Northern District — Contact: Brian Melott (Brian.Melott@ncdenr.gov)
Dare, Hyde, Currituck and Beaufort Counties
For the fishing year, all owners/operators of vessels recreationally fishing for and/or retaining regulated Atlantic Highly Migratory Species (HMS) (Atlantic tunas, sharks, swordfish and billfish) in the Atlantic Ocean, including the Gulf of Mexico and Caribbean Sea, must obtain an Atlantic Highly Migratory Species (HMS) Angling permit. This permit has replaced the Atlantic tunas Angling category permit. In North Carolina, additional HMS harvest reporting requirements are also in place. To obtain a permit go to: http://www.hmspermits.gov.
Report a tagged fish
Please Note: Anglers sometimes confuse small king mackerel with Spanish mackerel. King mackerel and spanish mackerel have different size and catch limits. Make SURE you properly identify the mackerel you are catching. (Tips here)
A recreational Recreational Fishing License went into effect Jan. 1, 2007 for all of the state's coastal and ocean waters.
Click here for the latest seasons, size and bag limits.
Please note: New reports are usually posted by early Monday afternoon.
Northern District Fishing Report
For the week of May 16-22Ocean: Fishing success was moderate in most cases. Offshore trips out of Hatteras and Ocracoke offered plenty of citation-size "gaffer" dolphin and blackfin tuna. There were also a few wahoo, amberjack, cobia and Atlantic bonito. The billfish bite out of Hatteras was excellent. Anglers caught and released good numbers of sailfish, as well as a few white and blue marlin. Nearshore action was very good with anglers catching red drum of all sizes. Anglers caught bluefish and Spanish mackerel in good amounts, too, along with a few weakfish and Atlantic bonito. Fishing out of Oregon Inlet resulted in lots of large dolphin hitting the docks. Yellowfin tuna catches increased – many weighing 40 pounds or more – and there were a few scattered blackfin tuna and Atlantic bonito. The billfish catch out of Oregon Inlet also improved. Nearshore anglers had moderate success with spotted seatrout. They also caught undersize striped bass. Flounder fishing improved, and there were a few keepers. Anglers also caught croaker, pigfish and pinfish.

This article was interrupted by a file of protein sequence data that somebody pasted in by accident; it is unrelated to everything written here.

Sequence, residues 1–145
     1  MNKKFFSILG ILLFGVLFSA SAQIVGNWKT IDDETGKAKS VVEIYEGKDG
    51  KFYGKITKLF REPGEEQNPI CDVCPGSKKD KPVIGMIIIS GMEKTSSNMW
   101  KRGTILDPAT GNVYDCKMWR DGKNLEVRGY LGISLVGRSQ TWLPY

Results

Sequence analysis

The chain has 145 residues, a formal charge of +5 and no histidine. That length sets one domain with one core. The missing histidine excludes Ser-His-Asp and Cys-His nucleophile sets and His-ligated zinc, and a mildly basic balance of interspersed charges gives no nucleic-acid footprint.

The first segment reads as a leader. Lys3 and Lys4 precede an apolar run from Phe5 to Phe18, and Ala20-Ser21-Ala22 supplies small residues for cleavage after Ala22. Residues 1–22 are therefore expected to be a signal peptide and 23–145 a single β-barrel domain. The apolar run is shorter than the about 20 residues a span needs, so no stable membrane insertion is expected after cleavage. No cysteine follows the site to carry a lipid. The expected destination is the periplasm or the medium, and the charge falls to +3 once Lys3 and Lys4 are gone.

Inlets/Sounds/Bays: Catches continued slowly improving from previous weeks. Anglers out of Hatteras hooked many bluefish, along with a few weakfish. Anglers fishing out of Oregon Inlet and northward saw improving flounder catches. While they landed only a few, most were keepers. Small black seabass were plentiful along with moderate numbers of croaker, pigfish, and pinfish.
Piers/Shore: Fishing success from piers and the surf was up and down, depending on the weather. Anglers had good days on the southern beaches catching very large pompano and puffers along with a few over-the-slot limit red drum and dogfish. On the northern beach, catches consisted primarily of bluefish and Spanish mackerel. Also, decent numbers of very large kingfish (sea mullet) were caught.
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N.C. Division of Marine Fisheries • 3441 Arendell Street • Morehead City, NC 28557 • 252-726-7021 or 800-682-2632